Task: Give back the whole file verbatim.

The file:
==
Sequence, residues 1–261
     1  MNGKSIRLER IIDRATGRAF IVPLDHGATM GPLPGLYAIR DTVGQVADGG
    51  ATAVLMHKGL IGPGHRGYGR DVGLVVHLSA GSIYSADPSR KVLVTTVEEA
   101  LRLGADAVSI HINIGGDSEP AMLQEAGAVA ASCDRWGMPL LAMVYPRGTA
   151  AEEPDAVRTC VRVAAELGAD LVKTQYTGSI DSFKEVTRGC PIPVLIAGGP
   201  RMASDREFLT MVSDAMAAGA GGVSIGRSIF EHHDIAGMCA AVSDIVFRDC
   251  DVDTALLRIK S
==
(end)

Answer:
Sequence, residues 1–261
     1  MNGKSIRLER IIDRATGRAF IVPLDHGATM GPLPGLYAIR DTVGQVADGG
    51  ATAVLMHKGL IGPGHRGYGR DVGLVVHLSA GSIYSADPSR KVLVTTVEEA
   101  LRLGADAVSI HINIGGDSEP AMLQEAGAVA ASCDRWGMPL LAMVYPRGTA
   151  AEEPDAVRTC VRVAAELGAD LVKTQYTGSI DSFKEVTRGC PIPVLIAGGP
   201  RMASDREFLT MVSDAMAAGA GGVSIGRSIF EHHDIAGMCA AVSDIVFRDC
   251  DVDTALLRIK S